The Rogue (The Rogues of Ravensmuir #1) by Claire Delacroix
Seductive and mysterious, Merlyn was the laird of Ravensmuir — never had a man so stirred my body and soul. I gave myself to him — willingly, trustingly, passionately — and we soon wed. Then a horrible revelation emerged, shattering my innocence and my marriage…
Five years later, Merlyn returned to my doorstep, desperate for my help. The scoundrel swore he was haunted by memories of me, that a treasure locked in Ravensmuir could clear his name. Yet I could not surrender to his will again. Now he is said to be murdered and Ravensmuir has fallen into my hands.
But even as I cross the threshold of this cursed keep, I hear his whisper in the darkness, feel his caress in the night, and I know that Merlyn has told me but part of his tale. Should I do as is right and expose his lair? Or dare I trust my alluring but deceptive spouse – the rogue who destroyed my heart?
Review: Before I begin, you will see that this review is a lot longer than the ones I usually write and I wish I could say it was because there was so much good to talk about, but there wasn’t. It was an exercise in frustration. Frustration with him. Frustration with her. This relationship was an example of how the lack of communication and selfishness can lead to heartache.
I enjoy Deborah Cooke’s Dragonfire series and her Prometheus Project, but I found this book very hard to get into. This is the first historical book I have read by this author and I guess the change in writing style/syntax threw me off. It is like two very different authors wrote this series the other two. The characters themselves were a bit flat, Merlyn especially. Ysabella on the other hand was flip-flopping in her views, one minute she despises him for selling fake holy relics and being a liar, then the next she says she was happy with the thought that while she was burdened with the responsibility (when she left her husband) she was happy knowing that he could be free to roam and live his life even though they were still married. She hated him, then cared for him.
The first time they come together, she is asleep and thinks she dreams of her dead husband and their wedding night. When she wakes she realizes that he isn’t dead and it wasn’t a dream, that they in fact had had sex while she was asleep. Now nothing was mentioned of a possible drug used, so how the hell did she have sex while asleep and not “remember” the actual deed? She talks of smelling the sex. I don’t get it. Though after this weird night I have to admit that her character is stronger as she goes on an angry hunt for her “dead” husband.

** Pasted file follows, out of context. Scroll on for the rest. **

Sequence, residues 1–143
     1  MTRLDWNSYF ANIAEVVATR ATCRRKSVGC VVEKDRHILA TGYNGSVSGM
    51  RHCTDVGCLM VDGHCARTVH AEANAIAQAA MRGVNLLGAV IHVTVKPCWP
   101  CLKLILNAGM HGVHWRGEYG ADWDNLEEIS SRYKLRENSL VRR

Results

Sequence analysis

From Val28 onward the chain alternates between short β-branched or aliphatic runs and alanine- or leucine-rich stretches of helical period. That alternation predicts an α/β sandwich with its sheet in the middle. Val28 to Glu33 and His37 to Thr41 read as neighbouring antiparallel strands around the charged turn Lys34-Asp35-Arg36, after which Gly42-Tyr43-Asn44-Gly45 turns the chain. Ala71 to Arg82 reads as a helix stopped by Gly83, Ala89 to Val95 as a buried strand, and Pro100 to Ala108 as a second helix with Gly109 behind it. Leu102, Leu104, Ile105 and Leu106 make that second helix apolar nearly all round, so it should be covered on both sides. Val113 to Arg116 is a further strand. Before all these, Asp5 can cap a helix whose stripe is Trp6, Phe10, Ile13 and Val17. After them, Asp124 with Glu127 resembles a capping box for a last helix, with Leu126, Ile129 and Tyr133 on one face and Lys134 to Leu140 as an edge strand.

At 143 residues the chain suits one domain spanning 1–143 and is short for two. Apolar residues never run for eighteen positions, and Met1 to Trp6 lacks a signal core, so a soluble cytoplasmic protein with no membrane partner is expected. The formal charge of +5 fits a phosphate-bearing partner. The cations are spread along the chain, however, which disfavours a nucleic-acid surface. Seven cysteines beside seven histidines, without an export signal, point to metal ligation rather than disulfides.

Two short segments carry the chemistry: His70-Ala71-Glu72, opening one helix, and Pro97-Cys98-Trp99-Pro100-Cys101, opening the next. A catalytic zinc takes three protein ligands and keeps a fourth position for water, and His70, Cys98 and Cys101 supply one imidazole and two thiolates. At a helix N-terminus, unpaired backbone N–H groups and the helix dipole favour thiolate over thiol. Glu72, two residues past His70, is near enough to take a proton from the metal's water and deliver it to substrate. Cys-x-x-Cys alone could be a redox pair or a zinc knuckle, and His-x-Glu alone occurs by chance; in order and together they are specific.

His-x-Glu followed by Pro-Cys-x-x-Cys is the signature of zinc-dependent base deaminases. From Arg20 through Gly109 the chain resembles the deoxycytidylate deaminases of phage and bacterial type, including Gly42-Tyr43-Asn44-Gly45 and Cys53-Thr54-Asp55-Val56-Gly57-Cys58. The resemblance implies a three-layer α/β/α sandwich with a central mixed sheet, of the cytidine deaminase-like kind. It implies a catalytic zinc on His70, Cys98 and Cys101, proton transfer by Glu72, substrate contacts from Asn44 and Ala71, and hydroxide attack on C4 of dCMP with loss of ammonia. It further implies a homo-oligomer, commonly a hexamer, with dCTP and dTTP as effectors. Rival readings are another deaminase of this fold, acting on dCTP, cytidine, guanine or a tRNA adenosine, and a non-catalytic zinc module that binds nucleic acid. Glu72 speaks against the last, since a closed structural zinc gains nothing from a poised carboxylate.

When they are in the cave and he accuses her of lying is where I see the writing style I enjoyed in the Prometheus project and dragon series-impassioned moments and character development that leaves me turning the page (though I have to say at that point he was looking more like a villain). Once she gets out of the cave she justifies his actions like it was no big deal. He was livid and left her in a cave alone and in the dark (which is her greatest fear-he doesn’t know this). She is hysterical for a time and then when she calms down, she sees that there is a faint light that leads her out of the dark and back to her husband. She finds her own way out to find her husband no longer livid (it is like night and day with this guy) and so she justifies that her fear isn’t that big of a deal and that it isn’t his fault. This scene in the cave could have had such intense emotional turmoil between the two characters, it could have been a knot-in-the-throat kind of moment, but instead it was like high emotion, then nothing actually happened kind of feeling.
Merlyn remains a bit of a flat character, though he does have moments where he shows potential. Overall, 133 pages in (chapter 8), I really don’t like him. Not only does he use her fear against her, but when he comes to realize how much the fear debilitates her and she confesses another fear in hopes of changing his mind against his course of action (not going to spoil it), he then uses that new fear to his benefit. It is like he doesn’t love her at all. Yeah, he wasn’t taught how to love growing up, but seriously! Oh, I really don’t like him. And Ysabella was a bit weak too. She could have been so much stronger. She lets him manipulate her and then says she isn’t doing it for him, but for her own goals.
Chapter 9 and on to the end, the story does get better. The pieces start to fall into place, the reasons behind his actions come to light, secrets and stories are shared and when he rides into the great hall to confront the two visiting noblemen the story becomes a page turner. With all that said, I will read the next book in the series. I think I would have liked this better if I had known going in how different the style of writing would be. It’s like she is two different people. It took me awhile to figure out that the story was being told in a first person narrative, like a journal or diary. The ending was sweet and he becomes more likable. The villain who had tried to kill Merlyn is a mystery until the author reveals it (which is a huge plus), I didn’t see who the antagonist was going to be until it was revealed on the page.
**This book was gifted by the author in exchange for an honest review.